How Can You Protect Your Hearing?
While every hearing loss case is different, they all share one common trait. The patients’ ability to hear sounds has been affected by damage inside the ear. The hair cells inside the ear play a significant role in capturing and conduction sounds to your brain – where they are interpreted. When the hair cells are damaged, sounds can’t be captured, which means that your brain can’t report on noises in your surroundings.
There is no denying that the aging process affects the health of your inner ear, and can lead to a degradation of your hearing. However, audiologists warn against accidental and occupational damages that can affect your hearing at any age. Indeed, hearing loss is not a fatality that affects every individual. It is a risk that can be managed with dedicated ear protection and health routine. Here are some of the most effective precautions you can take to preserve your hearing at any age.
Exposure to loud noises is a common risk
Prolonged exposure to sounds at 80 dB or more can damage your hearing over time. As a comparison, the sound of a lawnmower hits somewhere between 80-85 dB. Something as banal as mowing your lawn over the weekend without ear protection can put your hair cells at risk. Attending a live concert reaches around 110 dB or more, which means that the risk is aggravated. If you work in a noisy environment, it’s a good idea to get in touch with an audiologist to discuss the best protection for your situation. It is not uncommon to experience temporary hearing loss affect a loud event, such as visiting a nightclub. However, with dedicated recovery time, your ears can heal small lesions. Nevertheless, severe wounds to your inner ears cannot be repaired; therefore, ear protection is a must-have.
Understand the role of ear pressure
Anybody who has been on a plane knows how a sudden change of pressure can affect your ears. Indeed, the plane’s passengers rely on a variety of tricks to reduce the unpleasant effect – from chewing gums to using specialist pressure ear protection. However, air pressure in a plane is a temporary and typically harmless situation. People who enjoy sports activities with extreme pressure changes, such as diving – water diving or skydiving – need to work alongside an audiologist to protect their ears. Divers who can’t equalize the pressure safely are vulnerable to lasting damages and ear injuries. You can use manual techniques to adjust your ears to the pressure. Earplugs are not recommended for divers, but your audiologist can suggest drops, dryers, and specialist ear protection.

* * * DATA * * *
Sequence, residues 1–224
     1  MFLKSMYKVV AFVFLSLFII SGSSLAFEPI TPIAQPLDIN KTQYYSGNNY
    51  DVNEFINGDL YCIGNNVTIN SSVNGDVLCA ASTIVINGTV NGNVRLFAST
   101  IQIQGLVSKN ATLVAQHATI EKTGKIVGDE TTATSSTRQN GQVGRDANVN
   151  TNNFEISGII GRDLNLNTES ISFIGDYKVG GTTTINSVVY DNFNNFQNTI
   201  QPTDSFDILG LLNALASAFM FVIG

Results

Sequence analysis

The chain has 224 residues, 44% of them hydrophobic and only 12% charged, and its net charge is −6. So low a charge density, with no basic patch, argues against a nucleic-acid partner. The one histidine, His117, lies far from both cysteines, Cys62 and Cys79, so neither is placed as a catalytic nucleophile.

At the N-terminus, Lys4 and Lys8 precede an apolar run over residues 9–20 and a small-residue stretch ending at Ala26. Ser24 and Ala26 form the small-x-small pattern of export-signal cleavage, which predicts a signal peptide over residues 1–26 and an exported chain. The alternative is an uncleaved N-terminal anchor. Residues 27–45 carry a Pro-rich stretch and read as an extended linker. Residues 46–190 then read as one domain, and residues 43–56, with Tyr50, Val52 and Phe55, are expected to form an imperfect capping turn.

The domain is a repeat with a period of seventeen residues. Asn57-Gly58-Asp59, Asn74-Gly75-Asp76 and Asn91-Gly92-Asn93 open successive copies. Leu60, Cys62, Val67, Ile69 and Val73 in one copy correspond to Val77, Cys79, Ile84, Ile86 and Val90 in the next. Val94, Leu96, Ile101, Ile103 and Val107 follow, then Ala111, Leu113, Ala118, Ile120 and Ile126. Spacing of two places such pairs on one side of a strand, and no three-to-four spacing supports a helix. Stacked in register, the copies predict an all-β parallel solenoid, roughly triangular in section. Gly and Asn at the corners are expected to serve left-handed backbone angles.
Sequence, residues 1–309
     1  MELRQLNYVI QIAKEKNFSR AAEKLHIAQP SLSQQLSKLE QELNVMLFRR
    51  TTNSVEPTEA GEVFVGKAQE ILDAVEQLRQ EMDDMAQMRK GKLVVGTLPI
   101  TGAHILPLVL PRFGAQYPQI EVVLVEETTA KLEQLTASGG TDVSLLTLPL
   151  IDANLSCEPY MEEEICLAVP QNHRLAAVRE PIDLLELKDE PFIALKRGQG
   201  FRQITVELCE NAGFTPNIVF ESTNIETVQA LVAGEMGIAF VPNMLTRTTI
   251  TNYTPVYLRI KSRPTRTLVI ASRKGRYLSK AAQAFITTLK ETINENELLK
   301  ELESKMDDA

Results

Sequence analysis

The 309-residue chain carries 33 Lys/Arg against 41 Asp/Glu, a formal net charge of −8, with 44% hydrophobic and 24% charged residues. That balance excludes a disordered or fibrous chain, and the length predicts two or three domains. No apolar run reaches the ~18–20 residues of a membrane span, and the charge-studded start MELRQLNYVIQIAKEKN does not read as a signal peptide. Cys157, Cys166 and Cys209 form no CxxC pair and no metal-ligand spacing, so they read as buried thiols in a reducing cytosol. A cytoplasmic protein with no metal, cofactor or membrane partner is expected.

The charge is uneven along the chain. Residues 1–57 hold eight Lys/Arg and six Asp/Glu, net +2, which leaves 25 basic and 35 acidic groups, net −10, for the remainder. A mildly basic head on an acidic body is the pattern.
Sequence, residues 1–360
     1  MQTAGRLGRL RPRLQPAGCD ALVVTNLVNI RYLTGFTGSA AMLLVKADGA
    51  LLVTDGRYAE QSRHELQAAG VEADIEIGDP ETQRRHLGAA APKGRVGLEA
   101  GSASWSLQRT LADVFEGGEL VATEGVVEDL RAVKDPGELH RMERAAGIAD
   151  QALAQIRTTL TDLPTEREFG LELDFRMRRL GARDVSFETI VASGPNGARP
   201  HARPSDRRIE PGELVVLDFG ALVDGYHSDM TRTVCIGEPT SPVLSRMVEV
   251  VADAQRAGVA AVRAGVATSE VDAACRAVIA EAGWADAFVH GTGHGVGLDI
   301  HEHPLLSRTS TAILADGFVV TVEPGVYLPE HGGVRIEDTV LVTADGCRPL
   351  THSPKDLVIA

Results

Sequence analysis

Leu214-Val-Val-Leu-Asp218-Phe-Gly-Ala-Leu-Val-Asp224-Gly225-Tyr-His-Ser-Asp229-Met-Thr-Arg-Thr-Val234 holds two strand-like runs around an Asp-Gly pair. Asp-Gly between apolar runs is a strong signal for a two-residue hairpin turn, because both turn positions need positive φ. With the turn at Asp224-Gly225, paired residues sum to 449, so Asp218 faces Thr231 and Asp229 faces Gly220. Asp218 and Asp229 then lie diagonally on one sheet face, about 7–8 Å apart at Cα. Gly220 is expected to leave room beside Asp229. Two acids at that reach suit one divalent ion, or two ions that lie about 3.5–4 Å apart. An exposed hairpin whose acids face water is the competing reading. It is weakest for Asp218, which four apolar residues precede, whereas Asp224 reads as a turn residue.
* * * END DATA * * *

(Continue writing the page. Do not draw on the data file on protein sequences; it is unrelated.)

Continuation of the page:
Plan recovery time
Temporary damage can occur in any situation. Planning recovery time after an event that puts a lot of stress on your ears is essential to avoid lasting issues. Experts recommend around 16 hours of quiet after a live gig, for instance. The same resting time needs to be scheduled after a dive. Indeed, your ears need to heal in a quiet, and non-pressurized environment to recover from micro lesions and physical stress.
Manage earwax removal safely
Inappropriate wax removal can affect your hearing. Cerumen blockages can form inside the ear canal as a result of using cotton swabs. Ideally, you should clean your outer ear only and avoid pushing objects inside your ear canal. An audiologist can proceed to professional wax removal if you notice a loss of hearing as a result of the blockage. Additionally, you can also discuss safe cleaning methods with your audiologist to protect your ears from lesions.
Healthy eating for healthy ears
A healthy diet doesn’t only keep your body strong and fit; it also plays a significant role in protecting your hearing health. Indeed, your diet needs to include potassium to regulate the fluid in your inner ear, folic acid to maintain cell growth, magnesium to protect the delicate hair cells, and zinc to boost your immune system. Feeding your immune system is also the best defense mechanism against viral ear infections.
Stress management is crucial
High-stress levels have been linked to hearing loss. Indeed, stress disturbs your blood circulation, reducing blood flow to the ear and causing your hair cells not to receive sufficient oxygen and nutrients. When the blood flow is disrupted continuously – aka when you’re going through a prolonged period of stress – the damage to your ears can be irreparable. Additionally, chronic stress is one of the most common triggers for tinnitus, which affects your hearing ability.
Protecting your hearing requires close attention to your surroundings and your lifestyle. Physical ear protection can come in a variety of shapes, such as earplugs, to wear at a concert event. However, your audiologist can also explain the different steps to maintain your hearing health, such as your cleaning routine and healthy stress-relief activities.